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passers-by were too much engaged about their own concerns to take any notice of him; and the majority of those who did cast an eye upon the pile of shells, failed to respond to the appeal to encourage the builder. Some few there were who slipped a small coin into the boy's outstretched hand, and brought from him a smiling " Thank you.”
The boy who built the grotto was quite young, not more than nine or ten years of age, but he appeared sharp and intelligent; any one who saw his bright smile and beaming face when a copper was given to him could hardly have imagined that he'had been pronounced by his schoolmaster vicious and unruly to such extent that nothing could be done with him. This, however, was the case, and the kindhearted gentleman, Mr. Whitley, who visited the school, and took an interest in the welfare of each of the pupils, had often been grieved by the reports the master had given of nim.
Mr. Whitley was a man of large mind and kindly disposition, and he sometimes thought that too much sternness, and even harshness, was employed in the school in which he so deeply interested himself. He had said, more than once, that if greater kindness and sympathy were shown to the pupils he thought those in authority would gain more power and influence over them.
This view did not suit the schoolmaster, and he continued to treat the children as though they were mere machines from which a certain amount of work must be obtained, no matter how. Nor was he alone in this. The pedagogues of that day, or at any rate many of them, had themselves much to learn, especially as regarded the training of those placed under their charge.
Had it been otherwise, it is probable that the grotto would never have been erected, and that the builder would have been at his place in school; as it was, he was a truant that morning. He had built the grotto near the school, in bold defiance of his master, for whom he had little regard.
After a time the street, which was a narrow thoroughfare, affording a short cut to the city, became less thronged; it was eleven o'clock, and the business men who made use of it were by this time hard at work in their offices or warehouses. Now only a few persons, principally inhabitants of the neighbourhood, passed along. None of them noticed the grotto or the grotto builder; they had need enough of the few pence they possessed, and could afford to give none away.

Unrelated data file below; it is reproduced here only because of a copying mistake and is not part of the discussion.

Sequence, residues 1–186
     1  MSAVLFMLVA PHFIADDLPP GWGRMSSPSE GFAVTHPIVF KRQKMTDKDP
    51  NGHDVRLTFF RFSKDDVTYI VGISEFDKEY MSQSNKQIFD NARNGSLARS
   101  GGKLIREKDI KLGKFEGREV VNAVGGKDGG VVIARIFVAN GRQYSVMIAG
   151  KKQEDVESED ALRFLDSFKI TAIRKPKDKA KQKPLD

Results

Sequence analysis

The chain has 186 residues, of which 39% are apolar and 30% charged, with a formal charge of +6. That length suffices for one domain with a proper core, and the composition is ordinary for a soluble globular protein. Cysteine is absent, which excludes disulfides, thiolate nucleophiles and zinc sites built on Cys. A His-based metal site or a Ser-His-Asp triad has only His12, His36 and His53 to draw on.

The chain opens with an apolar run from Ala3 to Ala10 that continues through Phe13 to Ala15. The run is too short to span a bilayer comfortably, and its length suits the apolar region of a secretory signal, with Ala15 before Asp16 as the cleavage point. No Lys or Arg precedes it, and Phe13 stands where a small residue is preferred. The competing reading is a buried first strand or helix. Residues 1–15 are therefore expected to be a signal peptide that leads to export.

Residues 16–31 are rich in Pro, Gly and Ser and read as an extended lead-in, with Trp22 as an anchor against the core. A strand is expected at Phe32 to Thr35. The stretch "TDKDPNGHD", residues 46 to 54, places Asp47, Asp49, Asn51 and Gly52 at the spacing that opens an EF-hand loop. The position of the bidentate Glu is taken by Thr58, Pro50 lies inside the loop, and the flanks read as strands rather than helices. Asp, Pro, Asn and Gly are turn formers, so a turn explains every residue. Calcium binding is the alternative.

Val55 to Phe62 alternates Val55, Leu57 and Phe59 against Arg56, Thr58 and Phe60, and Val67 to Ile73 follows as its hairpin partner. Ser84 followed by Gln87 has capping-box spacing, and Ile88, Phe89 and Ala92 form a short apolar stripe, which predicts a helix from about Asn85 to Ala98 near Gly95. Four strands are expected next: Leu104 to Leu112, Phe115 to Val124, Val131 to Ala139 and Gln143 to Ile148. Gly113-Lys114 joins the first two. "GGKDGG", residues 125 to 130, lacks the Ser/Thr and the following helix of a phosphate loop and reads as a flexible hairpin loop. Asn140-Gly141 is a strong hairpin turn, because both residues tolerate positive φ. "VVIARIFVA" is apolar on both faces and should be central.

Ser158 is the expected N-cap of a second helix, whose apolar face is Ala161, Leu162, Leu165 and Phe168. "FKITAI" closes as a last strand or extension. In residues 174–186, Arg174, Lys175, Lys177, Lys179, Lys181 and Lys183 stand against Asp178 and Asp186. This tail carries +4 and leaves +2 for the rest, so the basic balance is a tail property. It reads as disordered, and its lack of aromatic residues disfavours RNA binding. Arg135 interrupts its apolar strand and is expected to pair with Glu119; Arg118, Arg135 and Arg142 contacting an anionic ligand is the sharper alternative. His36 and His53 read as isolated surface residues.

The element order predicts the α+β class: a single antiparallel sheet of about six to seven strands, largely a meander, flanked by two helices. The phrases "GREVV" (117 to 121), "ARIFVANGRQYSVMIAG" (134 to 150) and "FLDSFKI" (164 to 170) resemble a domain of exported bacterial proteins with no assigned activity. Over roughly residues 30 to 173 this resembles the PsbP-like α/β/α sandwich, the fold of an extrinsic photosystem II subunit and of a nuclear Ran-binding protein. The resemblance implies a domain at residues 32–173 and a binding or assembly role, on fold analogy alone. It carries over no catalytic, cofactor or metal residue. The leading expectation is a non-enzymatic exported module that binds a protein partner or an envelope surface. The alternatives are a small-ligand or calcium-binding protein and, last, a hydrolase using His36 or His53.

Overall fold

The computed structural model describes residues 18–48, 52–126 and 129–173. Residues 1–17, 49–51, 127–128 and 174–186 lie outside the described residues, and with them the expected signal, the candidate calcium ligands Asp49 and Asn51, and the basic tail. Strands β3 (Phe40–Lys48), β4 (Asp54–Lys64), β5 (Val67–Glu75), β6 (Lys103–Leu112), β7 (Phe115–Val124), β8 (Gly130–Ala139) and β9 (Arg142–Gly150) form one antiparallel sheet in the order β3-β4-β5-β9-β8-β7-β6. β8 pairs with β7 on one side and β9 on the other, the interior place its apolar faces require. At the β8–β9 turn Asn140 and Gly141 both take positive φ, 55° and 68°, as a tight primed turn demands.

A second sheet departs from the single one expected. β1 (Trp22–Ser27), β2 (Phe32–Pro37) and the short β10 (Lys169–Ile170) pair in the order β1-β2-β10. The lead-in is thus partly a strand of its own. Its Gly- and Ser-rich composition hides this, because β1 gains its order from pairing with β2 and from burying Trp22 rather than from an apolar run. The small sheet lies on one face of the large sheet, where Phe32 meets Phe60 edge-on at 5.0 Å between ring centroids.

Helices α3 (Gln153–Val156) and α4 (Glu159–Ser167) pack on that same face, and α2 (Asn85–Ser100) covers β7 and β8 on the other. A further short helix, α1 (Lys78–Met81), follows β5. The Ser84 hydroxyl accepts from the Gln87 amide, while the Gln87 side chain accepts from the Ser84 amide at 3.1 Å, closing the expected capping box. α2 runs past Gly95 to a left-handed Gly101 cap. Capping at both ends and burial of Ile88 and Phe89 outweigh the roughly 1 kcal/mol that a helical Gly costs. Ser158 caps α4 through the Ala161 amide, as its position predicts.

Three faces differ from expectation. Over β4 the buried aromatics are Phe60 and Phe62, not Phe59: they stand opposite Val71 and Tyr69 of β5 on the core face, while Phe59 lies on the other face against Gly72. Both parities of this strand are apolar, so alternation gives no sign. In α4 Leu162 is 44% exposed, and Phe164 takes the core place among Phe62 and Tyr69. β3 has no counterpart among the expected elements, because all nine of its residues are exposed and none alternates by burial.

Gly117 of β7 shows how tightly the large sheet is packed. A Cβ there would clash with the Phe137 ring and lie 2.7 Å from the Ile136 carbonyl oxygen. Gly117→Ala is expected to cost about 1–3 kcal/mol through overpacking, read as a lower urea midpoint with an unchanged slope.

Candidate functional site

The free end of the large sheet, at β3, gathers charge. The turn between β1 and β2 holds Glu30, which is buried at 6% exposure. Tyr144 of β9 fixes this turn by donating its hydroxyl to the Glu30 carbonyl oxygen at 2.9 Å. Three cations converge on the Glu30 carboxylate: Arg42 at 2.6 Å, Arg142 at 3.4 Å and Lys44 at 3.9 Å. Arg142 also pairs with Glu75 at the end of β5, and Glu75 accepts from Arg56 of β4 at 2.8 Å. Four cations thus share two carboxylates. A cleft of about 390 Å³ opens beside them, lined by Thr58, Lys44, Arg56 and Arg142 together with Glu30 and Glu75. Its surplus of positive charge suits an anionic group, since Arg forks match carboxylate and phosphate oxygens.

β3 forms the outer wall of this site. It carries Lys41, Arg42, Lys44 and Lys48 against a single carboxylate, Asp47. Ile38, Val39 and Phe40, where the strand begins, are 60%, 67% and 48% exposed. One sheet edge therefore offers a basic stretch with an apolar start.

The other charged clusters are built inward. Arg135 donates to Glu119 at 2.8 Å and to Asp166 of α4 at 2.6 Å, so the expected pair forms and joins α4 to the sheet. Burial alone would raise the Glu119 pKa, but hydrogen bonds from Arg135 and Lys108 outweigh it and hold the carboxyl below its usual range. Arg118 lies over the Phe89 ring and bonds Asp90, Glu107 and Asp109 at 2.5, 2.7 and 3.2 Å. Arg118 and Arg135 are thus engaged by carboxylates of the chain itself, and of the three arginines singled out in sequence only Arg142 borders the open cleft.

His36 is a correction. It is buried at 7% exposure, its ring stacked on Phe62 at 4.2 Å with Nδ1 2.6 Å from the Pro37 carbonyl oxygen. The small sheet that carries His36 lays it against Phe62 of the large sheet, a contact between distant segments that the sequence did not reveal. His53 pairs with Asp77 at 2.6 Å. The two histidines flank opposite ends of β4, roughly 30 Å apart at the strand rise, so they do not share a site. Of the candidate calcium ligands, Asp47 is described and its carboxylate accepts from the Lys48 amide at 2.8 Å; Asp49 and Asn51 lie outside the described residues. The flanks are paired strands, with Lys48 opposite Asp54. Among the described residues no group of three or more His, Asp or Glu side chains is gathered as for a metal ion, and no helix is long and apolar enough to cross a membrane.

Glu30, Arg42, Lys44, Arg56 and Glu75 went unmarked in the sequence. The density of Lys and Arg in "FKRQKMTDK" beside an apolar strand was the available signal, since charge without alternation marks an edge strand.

Up and down the street looked the grotto boy, and for a time saw no one worthy his attention ; but, after waiting a little, he spied a gentleman turn the corner.
Here was a chance, and away ran the little fellow to make the most of it.
“ Please to remember the grotto, sir !” he cried, holding out his hand for a donation. The next moment he sadly repented his haste. Had he known who it was he was about to acccst, the words would never have been spoken ; but it was too late now; Mr. Whitley stood before him.
“Why, James, how is this?" he exclaimed. “ How is it you are not at school ?”
Poor James blushed deeply, and seemed inclined to run away ; but he managed to stammer out : “ Please, sir, I wasn't well this morning.”
“Not well! and yet you were well enough to come out grotto-building," said Mr. Whitley, with a smile. “Come, come, James, speak the truth, my boy, and never fear the consequences."
The boy hung his head in silence, and Mr. Whitley continued: “I suppose you played truant for the sake of making a grotto and getting money by it. Is it not so ?”
“ Yes, sir," answered the boy, looking straight into Mr. Whitley's face.
56 Then why did you not say so at once? It would have been better than telling a story. You know it was wrong of you to stay away from school without leave, don't
“Yes, sir,” the boy again assented.
“But it was far worse to try to hide your fault with a fib. You have grieved me deeply, James; very deeply indeed.” While Mr. Whitley spoke he looked kindly upon the child, and, though sorrowful, his voice had nothing of anger in it.
The boy hung his head again, and tears started to his eyes—tears that all the severity of his master could never have caused to fall, however he might have tried.
What was it that so touched the little grotto builder ? It was the gentle tone and manner of the speaker.